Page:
Last view of the island

Islands

Last view of the island

 

The ferry banks, only five minutes out

beyond the stone corral of harbour wall

and into the channel, the broad crescent

of its wake painting plumes across the

glass of the ocean, engines humming a

rhythmless vibrato. Smoke funnels skywards.

Cars hunch like crated eggs on the lower deck.

Over the tannoy, our cheery captain announces

a bottlenose pod, surfing in the bow-waves.

My eyes lock over the stern, watching as

those grey mountains begin to melt on

the horizon, taking a lifetime to disappear.

 

 

first published in Red River Review, 2018

 

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Errands

Errands

 

Errands

 

When things were good and I still believed in us,

even the mundane obligations sang like whales,

and taking the wiry road down the hamstrings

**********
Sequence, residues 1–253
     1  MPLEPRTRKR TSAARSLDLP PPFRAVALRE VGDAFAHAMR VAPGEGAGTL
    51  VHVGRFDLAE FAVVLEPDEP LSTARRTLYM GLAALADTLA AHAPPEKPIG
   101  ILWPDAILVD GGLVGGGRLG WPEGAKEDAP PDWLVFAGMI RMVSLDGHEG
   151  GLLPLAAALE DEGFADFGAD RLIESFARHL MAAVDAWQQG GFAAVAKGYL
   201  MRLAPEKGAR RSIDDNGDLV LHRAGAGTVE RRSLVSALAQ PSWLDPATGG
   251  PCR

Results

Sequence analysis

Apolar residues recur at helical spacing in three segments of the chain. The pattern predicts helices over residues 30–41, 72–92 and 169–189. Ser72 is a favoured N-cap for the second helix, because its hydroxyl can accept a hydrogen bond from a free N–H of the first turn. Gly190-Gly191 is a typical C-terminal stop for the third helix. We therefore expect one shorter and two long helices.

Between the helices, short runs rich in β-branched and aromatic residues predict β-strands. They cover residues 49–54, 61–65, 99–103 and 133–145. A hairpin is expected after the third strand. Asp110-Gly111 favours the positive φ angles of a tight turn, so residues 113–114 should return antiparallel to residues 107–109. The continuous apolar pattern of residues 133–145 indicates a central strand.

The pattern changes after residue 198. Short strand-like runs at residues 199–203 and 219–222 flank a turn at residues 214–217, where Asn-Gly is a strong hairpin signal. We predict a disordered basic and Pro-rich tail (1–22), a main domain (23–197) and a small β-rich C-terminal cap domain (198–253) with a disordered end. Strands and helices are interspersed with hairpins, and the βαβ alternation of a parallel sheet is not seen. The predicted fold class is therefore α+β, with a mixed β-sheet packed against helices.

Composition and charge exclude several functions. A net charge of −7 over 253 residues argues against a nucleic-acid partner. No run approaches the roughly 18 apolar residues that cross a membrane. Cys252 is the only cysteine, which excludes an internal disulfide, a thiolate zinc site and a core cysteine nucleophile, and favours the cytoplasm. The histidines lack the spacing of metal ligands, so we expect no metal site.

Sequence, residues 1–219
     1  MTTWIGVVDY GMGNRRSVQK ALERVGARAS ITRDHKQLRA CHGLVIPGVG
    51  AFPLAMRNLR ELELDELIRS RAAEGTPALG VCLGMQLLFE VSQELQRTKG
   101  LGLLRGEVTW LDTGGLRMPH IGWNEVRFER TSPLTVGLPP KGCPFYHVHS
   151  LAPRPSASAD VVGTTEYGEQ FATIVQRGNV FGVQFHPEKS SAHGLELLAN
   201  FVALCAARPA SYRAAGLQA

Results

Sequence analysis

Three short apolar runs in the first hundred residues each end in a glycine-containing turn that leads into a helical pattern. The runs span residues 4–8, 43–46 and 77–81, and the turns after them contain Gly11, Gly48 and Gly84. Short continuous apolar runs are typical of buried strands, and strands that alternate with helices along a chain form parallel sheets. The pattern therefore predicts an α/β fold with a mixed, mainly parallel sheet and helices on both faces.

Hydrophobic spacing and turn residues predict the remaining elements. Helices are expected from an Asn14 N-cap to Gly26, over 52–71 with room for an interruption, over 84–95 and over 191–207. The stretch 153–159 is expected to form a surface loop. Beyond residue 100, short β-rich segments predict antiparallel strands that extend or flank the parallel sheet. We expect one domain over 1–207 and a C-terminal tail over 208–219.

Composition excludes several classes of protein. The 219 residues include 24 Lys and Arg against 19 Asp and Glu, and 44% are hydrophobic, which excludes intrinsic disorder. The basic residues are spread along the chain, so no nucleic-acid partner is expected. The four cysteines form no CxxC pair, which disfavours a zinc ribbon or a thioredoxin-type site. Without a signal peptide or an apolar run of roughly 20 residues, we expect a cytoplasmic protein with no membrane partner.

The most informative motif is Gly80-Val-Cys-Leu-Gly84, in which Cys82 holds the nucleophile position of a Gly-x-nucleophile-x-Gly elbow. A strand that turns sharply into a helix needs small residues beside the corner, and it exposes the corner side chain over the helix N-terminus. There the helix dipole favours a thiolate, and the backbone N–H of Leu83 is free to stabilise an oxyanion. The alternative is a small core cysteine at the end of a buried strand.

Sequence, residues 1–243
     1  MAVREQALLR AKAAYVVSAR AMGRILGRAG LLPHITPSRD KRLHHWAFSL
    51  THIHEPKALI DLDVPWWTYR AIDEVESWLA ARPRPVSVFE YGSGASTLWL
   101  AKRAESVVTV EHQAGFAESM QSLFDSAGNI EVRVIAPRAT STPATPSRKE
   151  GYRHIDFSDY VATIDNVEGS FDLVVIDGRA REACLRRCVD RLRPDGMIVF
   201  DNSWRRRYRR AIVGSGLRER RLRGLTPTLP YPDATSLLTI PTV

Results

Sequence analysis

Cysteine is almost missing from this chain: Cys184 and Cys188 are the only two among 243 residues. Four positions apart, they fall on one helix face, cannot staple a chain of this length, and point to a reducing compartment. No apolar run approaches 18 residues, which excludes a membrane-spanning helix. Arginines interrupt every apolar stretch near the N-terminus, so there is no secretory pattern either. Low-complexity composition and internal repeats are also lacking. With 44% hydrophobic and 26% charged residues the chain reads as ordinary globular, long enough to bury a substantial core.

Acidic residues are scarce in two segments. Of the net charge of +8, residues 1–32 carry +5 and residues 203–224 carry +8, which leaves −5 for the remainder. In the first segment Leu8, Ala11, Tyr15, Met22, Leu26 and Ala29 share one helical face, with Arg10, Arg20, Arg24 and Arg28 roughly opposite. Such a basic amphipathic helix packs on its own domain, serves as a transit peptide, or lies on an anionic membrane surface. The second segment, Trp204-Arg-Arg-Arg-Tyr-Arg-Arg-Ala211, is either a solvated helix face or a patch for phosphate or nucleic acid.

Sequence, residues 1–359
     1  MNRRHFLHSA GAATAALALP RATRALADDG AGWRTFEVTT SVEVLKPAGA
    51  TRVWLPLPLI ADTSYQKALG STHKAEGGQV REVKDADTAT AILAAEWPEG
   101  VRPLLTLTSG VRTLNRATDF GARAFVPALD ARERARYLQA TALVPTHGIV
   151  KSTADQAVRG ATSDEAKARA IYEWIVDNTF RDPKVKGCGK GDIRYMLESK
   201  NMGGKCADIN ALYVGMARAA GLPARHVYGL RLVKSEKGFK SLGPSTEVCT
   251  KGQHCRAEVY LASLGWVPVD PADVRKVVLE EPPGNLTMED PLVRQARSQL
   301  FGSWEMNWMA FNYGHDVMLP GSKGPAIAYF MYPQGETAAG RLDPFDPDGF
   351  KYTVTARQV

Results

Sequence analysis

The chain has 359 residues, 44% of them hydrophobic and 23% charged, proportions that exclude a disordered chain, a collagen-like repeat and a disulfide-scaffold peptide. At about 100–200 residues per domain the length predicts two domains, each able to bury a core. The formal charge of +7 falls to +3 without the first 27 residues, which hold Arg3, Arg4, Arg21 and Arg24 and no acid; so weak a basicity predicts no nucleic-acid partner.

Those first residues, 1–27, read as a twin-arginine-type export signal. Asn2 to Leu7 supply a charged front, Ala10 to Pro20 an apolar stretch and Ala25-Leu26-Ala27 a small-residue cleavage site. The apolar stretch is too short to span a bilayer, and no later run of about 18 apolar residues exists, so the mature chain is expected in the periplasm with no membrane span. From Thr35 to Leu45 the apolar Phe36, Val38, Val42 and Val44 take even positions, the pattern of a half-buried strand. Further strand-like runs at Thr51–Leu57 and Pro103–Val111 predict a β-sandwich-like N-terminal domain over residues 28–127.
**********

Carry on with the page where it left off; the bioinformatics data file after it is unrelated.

of the island to its full-stop, on those bastard mornings,

a single cassette on the stereo to numb the losses,

always made unquestioned sense. Sometimes in

light hushed with pearls, sometimes with the blade

of the wind knifing clear to the marrow, I’d time each

arrival against the tide, sifting it for treasure, perform

the errands, light the fires. Then return to you, the road

now huddled into a spool of knees and elbows, the

mountain a tight wedge tripping over its own steps before

falling like a tantrum into the kettle-grey ocean below.

 

first published in San Pedro River Review, Spring 2017

Rusted plough at Guirdil, Isle of Rum

JadeTheyPlough

Illustration used by kind permission of Jade They

Rusted plough at Guirdil, Isle of Rum

 

Once it would’ve arrived here, painted and new,

either landed from a friendly sea by boat,

or else shouldered over those rocky tracks by ponies,

and assembled from its pieces into a monster.

 

It must’ve seemed like the work of both

the Devil and the Lord in cahoots, the way it

knifed through the spongy turves, turning green into black,

burying centuries of broken backs in an afternoon.

 

Now it lies ridiculous, against the emptied house,

below the cliffs chopped roughly into silent hillsides.

Only goats feed here now, chewing, box-eyed,

on kelp stranded up and down the shoreline.

first published in Firewords Quarterly, Issue 6, 2016